The Tokyo 1964 Olympic cauldron will be installed in a display area next to the New National Stadium here in Tokyo as a link between the two Games.
The cauldron has undergone a refurbishment in preparation for its installation and Tokyo 2020 spokesman Masa Takaya said it would help people feel the heritage of the Games, uniting both the 1964 and 2020 editions.
The Cauldron, which stands at 2.1 metres tall and weighs 2.6 tonnes, was constructed in 1958 by Mannosuke Suzuki and his son Bungo, and became an iconic symbol of the Games.
"A few years ago the cauldron was removed from the previous National Stadium.
"It went to one of the affected areas from the 2011 tsunami - Ishinomaki - and was set there for a couple of years, to be displayed as a symbol of recovery.
"After the display period it was removed and went to back to the manufacturer in the Saitama Prefecture, where it was polished and refurbished.
"There is a plan for the cauldron to be installed in the area next to the New National Olympic Stadium and people will be able to feel the heritage for the Games."
Details of the 2020 Olympic cauldron are still under wraps but it is known that the Olympic Flame will be on display in two locations.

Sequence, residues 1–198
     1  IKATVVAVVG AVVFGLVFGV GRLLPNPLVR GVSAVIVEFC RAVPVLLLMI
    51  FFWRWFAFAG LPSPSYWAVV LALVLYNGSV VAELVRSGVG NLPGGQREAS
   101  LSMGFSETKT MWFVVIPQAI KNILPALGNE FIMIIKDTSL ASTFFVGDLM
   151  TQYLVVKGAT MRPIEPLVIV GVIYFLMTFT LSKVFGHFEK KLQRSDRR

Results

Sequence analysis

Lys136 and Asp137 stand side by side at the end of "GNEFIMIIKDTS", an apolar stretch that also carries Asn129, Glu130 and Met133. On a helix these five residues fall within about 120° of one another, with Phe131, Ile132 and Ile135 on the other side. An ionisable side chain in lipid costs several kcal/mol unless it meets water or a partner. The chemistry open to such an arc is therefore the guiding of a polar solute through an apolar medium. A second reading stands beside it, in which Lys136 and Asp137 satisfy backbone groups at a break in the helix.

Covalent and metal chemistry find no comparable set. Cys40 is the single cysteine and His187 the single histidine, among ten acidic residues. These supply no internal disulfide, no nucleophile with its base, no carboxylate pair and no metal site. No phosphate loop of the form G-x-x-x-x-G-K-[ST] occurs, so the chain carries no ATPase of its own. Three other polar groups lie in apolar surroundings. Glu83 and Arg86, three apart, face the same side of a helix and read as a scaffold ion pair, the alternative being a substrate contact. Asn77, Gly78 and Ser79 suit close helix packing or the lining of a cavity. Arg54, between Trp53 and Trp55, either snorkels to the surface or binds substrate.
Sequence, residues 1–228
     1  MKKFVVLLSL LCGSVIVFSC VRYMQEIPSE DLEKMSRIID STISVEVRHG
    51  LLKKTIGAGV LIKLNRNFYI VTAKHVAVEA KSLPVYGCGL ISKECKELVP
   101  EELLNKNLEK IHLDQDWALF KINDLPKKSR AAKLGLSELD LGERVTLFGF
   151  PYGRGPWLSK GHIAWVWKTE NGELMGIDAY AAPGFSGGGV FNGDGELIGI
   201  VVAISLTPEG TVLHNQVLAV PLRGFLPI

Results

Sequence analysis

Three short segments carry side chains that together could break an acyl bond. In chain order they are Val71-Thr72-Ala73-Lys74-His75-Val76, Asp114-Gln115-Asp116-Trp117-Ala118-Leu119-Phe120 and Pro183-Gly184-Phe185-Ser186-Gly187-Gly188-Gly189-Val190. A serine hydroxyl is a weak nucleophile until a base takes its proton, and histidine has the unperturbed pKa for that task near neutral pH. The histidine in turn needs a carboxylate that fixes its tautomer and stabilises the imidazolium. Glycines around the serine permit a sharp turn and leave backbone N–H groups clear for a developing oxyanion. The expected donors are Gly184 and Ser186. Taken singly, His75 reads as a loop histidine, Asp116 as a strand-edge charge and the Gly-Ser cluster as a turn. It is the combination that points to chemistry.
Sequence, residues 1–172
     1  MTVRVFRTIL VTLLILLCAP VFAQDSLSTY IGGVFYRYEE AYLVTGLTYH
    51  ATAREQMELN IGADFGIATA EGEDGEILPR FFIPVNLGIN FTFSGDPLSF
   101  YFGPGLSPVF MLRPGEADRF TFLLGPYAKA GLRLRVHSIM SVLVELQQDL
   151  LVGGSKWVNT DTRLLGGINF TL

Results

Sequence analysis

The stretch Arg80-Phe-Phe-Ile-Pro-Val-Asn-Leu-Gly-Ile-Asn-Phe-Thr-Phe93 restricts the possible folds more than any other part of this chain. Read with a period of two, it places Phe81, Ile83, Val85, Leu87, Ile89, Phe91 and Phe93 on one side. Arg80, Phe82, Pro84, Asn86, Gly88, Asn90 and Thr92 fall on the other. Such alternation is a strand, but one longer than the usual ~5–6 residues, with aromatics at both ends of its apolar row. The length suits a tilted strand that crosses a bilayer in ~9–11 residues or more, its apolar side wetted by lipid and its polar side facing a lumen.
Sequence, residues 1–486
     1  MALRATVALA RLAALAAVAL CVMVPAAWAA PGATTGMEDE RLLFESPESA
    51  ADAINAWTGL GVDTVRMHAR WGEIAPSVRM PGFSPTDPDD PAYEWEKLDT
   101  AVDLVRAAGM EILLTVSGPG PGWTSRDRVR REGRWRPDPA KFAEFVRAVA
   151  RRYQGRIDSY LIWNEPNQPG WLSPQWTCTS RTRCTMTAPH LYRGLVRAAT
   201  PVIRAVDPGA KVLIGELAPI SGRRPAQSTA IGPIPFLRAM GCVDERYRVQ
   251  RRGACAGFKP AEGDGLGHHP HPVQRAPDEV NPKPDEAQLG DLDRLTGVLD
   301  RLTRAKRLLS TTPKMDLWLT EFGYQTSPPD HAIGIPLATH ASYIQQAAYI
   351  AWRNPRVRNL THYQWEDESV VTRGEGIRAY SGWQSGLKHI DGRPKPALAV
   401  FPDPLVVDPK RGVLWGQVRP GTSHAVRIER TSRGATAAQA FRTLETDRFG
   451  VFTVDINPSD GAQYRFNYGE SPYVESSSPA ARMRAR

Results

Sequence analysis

In a bid to ensure Tokyo 2020 abides by the Olympic Charter - that the flame must be on public view for the entirety of the Olympic and Paralympic Games - the cauldron will feature at the "TOKYO WATERFRONT CITY" in Ariake, as well as at the New National Stadium.
Takaya said live sites would help to drive engagement with the public, with 30 zones anticipated during the Olympic and Paralympic Games.
He said a good response had been received from municipalities across Japan to Tokyo 2020's guidance on creating live sites in smaller regions.
"Live sites are really important for the success of the Tokyo 2020 Games," added Takaya.
"It is one of our key initiatives on our engagement activities.
"That has been seen in the cities for the Rugby World Cup and there has been an electric atmosphere at those live sites."